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Ashish

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What is Ahimsa?

Ahimsa is “non-violence” at its purest form. It’s the age-old practice of “do no harm” that can be seen in many religions around the world including Hinduism, Buddhism, Jainism, and Sikhism. Yet despite being a key virtue in most of them, none has been able to apply it into everyday life as Jainism has. That’s because as simple as it sounds, ahimsa has a far broader meaning than just physical non-violence.

Therefore, before hitting the floor and getting onto your yoga mat, you must check the following:

  1. Are you feeling fit to exercise?
  2. Have you recovered from your previous yoga session?
  3. Have you had the proper diet as planned?
  4. Did you sleep enough?

If your answer to all of these questions is yes, then you can go ahead and get on with your yoga routine as usual. But if your answer to any of these questions is No, then I’m afraid you should stop. 

Over-ambition can not only take away the efficacy of your yoga session but can also cause injuries, the last thing you ever want.

Ahimsa in Psychological Terms

Ahimsa is the belief that one should respect all living beings and avoid violence towards others and oneself in all aspects of life. So, violence here is not limited to just physical harm but also to thoughts, behavior, actions, diet (being vegetarian since you should not harm any animal let alone eat it) and most of all your intent or attitude. After all, it’s not always the physical force that can harm, damage, or kill someone; your words, tone of voice, or staring at someone with even the slightest of ill-will can also cause harm bad enough to hurt others as well as yourself by the law of karma.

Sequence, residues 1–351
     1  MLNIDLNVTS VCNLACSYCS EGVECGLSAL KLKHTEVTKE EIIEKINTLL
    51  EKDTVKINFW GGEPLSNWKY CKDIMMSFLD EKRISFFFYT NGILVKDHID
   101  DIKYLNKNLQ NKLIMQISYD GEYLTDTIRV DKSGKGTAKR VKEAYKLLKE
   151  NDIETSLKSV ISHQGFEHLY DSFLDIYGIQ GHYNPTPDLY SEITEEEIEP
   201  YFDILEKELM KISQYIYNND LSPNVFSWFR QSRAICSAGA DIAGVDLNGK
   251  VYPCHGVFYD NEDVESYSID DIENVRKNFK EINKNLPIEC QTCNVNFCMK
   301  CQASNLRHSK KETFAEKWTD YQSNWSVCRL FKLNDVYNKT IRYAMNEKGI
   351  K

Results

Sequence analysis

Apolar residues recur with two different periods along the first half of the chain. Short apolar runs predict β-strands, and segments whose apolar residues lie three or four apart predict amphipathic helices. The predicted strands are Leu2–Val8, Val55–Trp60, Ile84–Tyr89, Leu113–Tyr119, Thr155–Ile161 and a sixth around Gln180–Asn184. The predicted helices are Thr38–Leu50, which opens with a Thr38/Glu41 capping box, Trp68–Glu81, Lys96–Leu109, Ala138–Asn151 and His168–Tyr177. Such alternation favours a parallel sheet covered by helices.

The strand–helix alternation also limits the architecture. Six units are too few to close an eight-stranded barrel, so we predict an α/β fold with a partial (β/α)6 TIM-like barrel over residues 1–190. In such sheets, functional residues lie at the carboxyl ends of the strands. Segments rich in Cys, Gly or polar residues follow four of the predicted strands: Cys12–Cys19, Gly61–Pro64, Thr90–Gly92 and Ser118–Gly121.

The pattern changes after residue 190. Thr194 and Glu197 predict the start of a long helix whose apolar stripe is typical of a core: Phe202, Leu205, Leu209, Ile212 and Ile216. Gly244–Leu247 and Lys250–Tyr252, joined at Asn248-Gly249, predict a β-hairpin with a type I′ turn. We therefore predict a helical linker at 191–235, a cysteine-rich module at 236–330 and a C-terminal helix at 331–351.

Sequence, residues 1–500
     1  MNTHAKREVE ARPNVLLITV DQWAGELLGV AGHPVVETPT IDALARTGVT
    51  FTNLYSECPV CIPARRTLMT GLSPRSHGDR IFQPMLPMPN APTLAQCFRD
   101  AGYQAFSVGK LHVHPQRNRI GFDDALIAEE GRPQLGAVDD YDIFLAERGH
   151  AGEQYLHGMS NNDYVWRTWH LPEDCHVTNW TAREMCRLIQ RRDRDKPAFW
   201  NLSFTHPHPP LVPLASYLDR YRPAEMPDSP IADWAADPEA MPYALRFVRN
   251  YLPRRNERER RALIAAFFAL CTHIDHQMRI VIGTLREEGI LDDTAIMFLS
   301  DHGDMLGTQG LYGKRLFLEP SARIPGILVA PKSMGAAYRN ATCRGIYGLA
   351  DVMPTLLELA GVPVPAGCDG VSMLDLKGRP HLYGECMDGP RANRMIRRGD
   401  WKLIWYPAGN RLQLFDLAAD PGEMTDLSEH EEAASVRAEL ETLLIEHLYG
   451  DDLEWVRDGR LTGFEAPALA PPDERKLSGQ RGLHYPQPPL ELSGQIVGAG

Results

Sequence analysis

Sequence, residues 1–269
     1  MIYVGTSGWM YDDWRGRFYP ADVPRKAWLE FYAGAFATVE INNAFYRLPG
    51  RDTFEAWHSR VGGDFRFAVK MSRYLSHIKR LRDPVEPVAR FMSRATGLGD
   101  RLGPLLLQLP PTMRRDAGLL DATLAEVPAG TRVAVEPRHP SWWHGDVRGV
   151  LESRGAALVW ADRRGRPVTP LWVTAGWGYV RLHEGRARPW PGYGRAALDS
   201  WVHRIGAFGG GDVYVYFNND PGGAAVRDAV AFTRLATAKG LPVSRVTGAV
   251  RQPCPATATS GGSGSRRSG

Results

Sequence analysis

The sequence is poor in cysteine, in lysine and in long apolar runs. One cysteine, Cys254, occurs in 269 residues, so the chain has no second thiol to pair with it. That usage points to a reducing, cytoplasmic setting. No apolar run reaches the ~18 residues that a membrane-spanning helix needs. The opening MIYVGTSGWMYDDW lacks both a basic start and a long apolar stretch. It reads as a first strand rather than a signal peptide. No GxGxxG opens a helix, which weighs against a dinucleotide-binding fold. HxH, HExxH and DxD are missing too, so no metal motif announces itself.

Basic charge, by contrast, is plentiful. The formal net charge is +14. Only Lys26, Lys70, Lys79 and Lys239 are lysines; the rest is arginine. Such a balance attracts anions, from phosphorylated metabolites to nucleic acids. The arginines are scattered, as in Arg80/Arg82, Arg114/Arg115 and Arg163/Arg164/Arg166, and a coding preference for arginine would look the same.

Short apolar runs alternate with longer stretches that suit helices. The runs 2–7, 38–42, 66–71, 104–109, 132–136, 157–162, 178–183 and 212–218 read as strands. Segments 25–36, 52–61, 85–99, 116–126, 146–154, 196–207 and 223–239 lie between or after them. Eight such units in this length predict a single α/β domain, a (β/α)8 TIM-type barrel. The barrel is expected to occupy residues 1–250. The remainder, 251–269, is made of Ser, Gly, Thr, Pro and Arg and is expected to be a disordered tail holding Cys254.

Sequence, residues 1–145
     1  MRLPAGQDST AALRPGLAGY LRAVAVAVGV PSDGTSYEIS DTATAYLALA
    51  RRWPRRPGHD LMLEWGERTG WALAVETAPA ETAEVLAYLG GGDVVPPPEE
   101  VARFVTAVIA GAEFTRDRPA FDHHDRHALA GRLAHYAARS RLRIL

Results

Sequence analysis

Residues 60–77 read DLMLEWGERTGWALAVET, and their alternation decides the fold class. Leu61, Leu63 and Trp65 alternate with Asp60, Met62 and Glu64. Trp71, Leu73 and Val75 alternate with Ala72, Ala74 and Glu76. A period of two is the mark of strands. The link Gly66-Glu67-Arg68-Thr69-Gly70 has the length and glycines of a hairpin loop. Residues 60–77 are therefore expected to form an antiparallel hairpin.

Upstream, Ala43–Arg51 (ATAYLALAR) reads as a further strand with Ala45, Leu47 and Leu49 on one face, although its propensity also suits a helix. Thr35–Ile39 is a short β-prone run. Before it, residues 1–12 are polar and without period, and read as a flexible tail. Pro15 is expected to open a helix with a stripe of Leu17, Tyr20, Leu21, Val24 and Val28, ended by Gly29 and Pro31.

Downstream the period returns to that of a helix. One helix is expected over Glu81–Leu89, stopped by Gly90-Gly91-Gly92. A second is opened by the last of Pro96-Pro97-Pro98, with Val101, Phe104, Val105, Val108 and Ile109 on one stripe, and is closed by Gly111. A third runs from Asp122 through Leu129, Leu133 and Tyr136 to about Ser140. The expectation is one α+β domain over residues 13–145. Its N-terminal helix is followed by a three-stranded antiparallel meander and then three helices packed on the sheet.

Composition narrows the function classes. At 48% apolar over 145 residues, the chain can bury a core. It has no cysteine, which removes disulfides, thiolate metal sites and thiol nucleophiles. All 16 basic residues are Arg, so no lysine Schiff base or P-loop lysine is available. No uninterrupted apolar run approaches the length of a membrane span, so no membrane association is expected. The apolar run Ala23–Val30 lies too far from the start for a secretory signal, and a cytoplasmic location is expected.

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The opposite of ahimsa is called ‘himsa’, and it should always be avoided to keep good health.

Moreover, ahimsa is not something to be exercised with other humans alone. It applies to everyone and everything. Starting from yourself, fellow humans, wild animals, harmless insects and other living beings such as plants, trees and whole of nature to non-living things as well. For instance, how often do you feel like breaking an object when you’re angry? Yeah, well that’s himsa, the opposite of ahimsa, something you should always refrain from.

Moving on, Ahimsa is also quite important for yoga practitioners, especially for those who follow the eight-limbic system of Raja yoga. Let’s take a look.

Ahimsa in Yogic Terms

Ahimsa is the foremost code of ethics according to the science of yoga. To be specific, it is the first of five “Yamas” or self-restraints-the first limb of yoga as an eight-fold path devised by Patanjali in Yoga Sutra.

Regular self-restraint of ahimsa purifies your thoughts, words, deeds, heart and soul thus setting up the moral ground for physical yoga. It’s only after you’ve learned and practiced it that you can move on to other Yamas such as truthfulness, non-stealing, purity, and non-attachment. All these factors and more play a crucial role in enhancing the efficacy of your yoga session.